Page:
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Brandon Perry

An interview with chef, author, and musician Brandon Perry

Brandon Perry Artist's Facebook
by Tina Hall
October 2010

French Canadian, Brandon Perry is best known for his work as a Chef in the culinary arts. Not one to be limited to just one profession, he is also an author (his latest book is due out soon featuring Eerie Von from Danzig, Calabrese, and Tom Sullivan from Evil Dead series fame), and is the world’s first chef to also be part of not one but four bands.

Perry is a solo artist. Jazzvanguard, is a jazz band with Perry, a technical metal drummer, playing you guessed it, Jazz. The Resurrected is a technical death metal band (playing bass,drums, and keyboards, while his vocalist lays down the lyrics), and he can also be found in the gore metal band Desgustipation. There is also his newly formed black metal band Screams of the Dead.

Since it isn’t every day you find a celebrity chef that, he himself puts it, “can still get down and dirty with my death metal”, I had to take a moment to pick his brain so to speak.

Maximum Ink: Do you find it challenging to have three, possibly four bands going at the same time as your career as a chef?
Brandon Perry: No, not really, we aren’t a super big touring band where that’s how we make our living and have no other careers, I mean I think we all see that if lost our real jobs we would be all fucked up and shit, and starve to death, metal bands that make money are corporate metal bands they are sellouts and that’s that, we don’t sell out, never will, and never have to.

MI: Do you people tend to be surprised to learn you are also a musician?
BP: Yes, they usually cannot believe it because people for the most part are narrow minded.

MI: I read once you decided to do this music thing because others in your area told you you couldn’t. Is that true? Are you enjoying having the chance to prove them wrong?
BP: Yes a lot of hicks where I came from in high school had this idea that they were better with music then everyone else and now me and the rest of the people they picked on are making some money from it and or endorsed to the hills and well known, it’s a spit in the face to them, in which we love it!

MI: Coming from Nova Scotia in a place pretty much the middle of nowhere as you have said and being sheltered as child and not allowed to do much do you find that has been helpful in the long run in regards to all your past and current endeavors?
BP: Well going to college really was the kicker, I hustled my way threw and now can do a lot of things because I needed money to survive and pay school, so it was excel or die you know, I mean…I had a good idea of it already, like the music and entertainment I do, but I had to hone it all to be well known for it all.

MI:  Who were some your earliest musical influences?
BP: Jazz and metal bands, Tribal Tech, Al de Meolia, Braindrill, Cannibal corpse, King Crimson, etc.

MI: Why does music appeal to you so much do you think?
BP: Like cooking was…it’s all about altering your perspective while in a shitty situation, as well as just making you happy and content with what ever life you seem to be living.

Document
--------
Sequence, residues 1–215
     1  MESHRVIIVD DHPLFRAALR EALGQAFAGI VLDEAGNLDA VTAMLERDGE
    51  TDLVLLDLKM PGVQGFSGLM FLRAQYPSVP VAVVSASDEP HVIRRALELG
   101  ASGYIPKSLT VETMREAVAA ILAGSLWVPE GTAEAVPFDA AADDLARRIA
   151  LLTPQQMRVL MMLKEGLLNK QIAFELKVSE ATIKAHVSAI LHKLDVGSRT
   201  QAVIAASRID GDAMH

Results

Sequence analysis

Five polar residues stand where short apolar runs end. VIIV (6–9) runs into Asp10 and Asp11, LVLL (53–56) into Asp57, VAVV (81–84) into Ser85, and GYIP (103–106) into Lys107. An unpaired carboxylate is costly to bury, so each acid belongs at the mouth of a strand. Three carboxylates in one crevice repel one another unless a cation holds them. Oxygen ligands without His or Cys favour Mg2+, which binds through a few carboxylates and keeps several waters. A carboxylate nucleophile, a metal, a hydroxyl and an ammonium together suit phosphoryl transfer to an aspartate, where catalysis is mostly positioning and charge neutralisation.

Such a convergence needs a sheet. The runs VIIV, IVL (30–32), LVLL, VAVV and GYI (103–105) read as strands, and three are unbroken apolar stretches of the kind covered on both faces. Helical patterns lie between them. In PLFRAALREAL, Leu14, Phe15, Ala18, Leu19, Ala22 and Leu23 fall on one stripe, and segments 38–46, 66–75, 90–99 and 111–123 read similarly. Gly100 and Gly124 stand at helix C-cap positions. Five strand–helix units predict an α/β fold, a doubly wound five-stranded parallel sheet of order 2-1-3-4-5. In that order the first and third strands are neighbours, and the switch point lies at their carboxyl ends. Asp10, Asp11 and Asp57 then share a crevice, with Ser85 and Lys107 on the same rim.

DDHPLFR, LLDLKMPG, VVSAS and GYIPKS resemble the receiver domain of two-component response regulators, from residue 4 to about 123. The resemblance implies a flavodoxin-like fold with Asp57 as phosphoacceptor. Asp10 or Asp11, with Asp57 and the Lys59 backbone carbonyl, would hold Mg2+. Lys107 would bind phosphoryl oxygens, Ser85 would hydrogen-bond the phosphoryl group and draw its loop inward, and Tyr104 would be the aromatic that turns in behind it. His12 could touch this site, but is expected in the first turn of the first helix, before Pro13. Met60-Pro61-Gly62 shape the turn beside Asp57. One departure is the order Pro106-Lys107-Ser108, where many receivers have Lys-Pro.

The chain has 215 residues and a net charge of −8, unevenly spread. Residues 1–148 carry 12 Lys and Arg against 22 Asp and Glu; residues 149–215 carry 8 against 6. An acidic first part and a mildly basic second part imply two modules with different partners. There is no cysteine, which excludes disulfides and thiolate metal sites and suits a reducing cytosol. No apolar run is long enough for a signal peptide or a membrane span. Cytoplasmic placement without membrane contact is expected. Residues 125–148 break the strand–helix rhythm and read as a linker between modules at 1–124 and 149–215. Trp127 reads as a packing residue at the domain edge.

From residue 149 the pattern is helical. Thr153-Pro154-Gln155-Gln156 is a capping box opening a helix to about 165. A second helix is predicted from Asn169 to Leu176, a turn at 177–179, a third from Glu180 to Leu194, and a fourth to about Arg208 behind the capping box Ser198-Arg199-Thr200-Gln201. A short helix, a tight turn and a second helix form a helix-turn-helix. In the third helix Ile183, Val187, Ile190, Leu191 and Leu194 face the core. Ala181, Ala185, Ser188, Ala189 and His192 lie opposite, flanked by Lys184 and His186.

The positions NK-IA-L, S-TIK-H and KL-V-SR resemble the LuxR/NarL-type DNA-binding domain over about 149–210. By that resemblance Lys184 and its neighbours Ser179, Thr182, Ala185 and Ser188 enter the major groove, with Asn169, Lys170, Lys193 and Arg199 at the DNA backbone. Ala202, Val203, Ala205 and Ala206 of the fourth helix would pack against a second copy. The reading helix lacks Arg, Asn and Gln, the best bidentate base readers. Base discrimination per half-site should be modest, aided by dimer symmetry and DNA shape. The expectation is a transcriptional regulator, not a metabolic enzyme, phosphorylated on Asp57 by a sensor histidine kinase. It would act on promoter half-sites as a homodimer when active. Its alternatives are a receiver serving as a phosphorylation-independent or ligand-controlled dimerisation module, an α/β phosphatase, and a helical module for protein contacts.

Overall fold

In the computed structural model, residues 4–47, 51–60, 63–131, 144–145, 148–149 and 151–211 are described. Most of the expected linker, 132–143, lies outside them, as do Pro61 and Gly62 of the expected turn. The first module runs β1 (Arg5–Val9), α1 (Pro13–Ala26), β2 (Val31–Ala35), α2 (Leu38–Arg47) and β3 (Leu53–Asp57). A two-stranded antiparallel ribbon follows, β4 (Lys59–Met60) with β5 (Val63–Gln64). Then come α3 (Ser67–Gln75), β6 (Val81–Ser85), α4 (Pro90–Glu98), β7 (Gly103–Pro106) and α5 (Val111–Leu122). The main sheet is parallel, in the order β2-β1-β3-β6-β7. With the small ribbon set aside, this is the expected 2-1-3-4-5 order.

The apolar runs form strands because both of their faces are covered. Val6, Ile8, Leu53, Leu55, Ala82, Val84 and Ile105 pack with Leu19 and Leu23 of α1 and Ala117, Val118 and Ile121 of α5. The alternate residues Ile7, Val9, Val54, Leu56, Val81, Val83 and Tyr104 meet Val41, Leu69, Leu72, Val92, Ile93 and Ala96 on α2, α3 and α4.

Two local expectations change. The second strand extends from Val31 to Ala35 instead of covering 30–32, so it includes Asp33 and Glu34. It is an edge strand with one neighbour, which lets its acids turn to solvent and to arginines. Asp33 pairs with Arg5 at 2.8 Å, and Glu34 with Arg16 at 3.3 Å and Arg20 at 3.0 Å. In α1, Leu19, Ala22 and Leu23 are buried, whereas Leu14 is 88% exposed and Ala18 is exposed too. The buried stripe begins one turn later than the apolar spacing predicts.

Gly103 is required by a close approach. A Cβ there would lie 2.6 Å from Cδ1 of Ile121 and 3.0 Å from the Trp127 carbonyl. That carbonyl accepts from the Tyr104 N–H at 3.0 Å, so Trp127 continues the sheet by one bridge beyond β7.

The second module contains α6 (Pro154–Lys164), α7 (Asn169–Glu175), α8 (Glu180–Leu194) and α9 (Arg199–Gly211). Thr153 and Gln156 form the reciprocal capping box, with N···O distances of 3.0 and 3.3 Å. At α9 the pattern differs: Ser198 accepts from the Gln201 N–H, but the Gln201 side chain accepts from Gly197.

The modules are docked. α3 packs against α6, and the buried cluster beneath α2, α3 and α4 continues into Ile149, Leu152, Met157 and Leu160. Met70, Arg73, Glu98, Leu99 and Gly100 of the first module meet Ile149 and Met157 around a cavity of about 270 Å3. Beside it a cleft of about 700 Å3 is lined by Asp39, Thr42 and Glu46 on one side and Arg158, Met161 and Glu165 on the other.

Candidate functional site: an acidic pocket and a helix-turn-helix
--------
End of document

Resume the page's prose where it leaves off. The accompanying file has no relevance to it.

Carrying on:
MI: Do you find that people think it odd you are chef who plays both jazz and death metal? You seem to prefer death metal, why is that?
BP: Everyone doesn’t know what to say, I don’t wear a coat on stage or anything or on the covers of the cds , just makes the metal more middle class I guess. Death metal is like working in a kitchen…it’s fast and warm, I worked for many years as a cook, its like a fucking moshpit in hell.

MI: How would you describe the sound of Jazzvanguard?
BP: The sound is like ever jazz band ever having sex on acid.

MI: Do you find it particularly hard to run so many bands, mainly, by yourself? Would you consider yourself a one man band of sorts?
BP: I play in like two of the bands on my own, no live shows yet but it helps me craft my own version of music I wish other bands could play so I always try and make it work as much as I can. Jazzvanguard would be HARD to play live, and wouldn’t even try risking it.

MI: Since you do most of the instruments yourself, have you ever given thought to how to perform you work live? Is that challenging to do?
BP: My jazz and metal is really something made to listen to in your own home and people should, on a rainy day and or night alone when they are emotional.

MI: What is one of your live shows like?
BP: We usually are working and don’t play to many Ive only played one or two with my Jazz band as well as my metal bands, we are all business men who make these bands, they are truly all fun.

MI: What projects are you currently working on musically?
BP: I am working with some Asia type music with ironically a girl from Japan, as well as just getting heavily into techno, which you can hear now in my Experimental jazz band.

MI: Where do you hope to see your career as a musician go?
BP:  Nowhere. I hope what I do is well known, I can help other become competent musicians and help others express themselves as I do this for myself, as well as break the boundaries of both music as well as culinary arts and scientist stereotypes, and allow people to see how people really are, all on the level, all equal, cause the point of the music career is to break down barriers my means of modern man, ironically again, the same there made by.


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